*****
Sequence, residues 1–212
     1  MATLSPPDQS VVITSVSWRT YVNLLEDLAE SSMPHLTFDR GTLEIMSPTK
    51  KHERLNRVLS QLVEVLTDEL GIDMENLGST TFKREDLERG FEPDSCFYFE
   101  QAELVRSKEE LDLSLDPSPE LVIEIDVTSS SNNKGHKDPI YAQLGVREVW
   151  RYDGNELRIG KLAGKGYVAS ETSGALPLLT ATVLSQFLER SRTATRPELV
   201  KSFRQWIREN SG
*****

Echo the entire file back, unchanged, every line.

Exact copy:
Sequence, residues 1–212
     1  MATLSPPDQS VVITSVSWRT YVNLLEDLAE SSMPHLTFDR GTLEIMSPTK
    51  KHERLNRVLS QLVEVLTDEL GIDMENLGST TFKREDLERG FEPDSCFYFE
   101  QAELVRSKEE LDLSLDPSPE LVIEIDVTSS SNNKGHKDPI YAQLGVREVW
   151  RYDGNELRIG KLAGKGYVAS ETSGALPLLT ATVLSQFLER SRTATRPELV
   201  KSFRQWIREN SG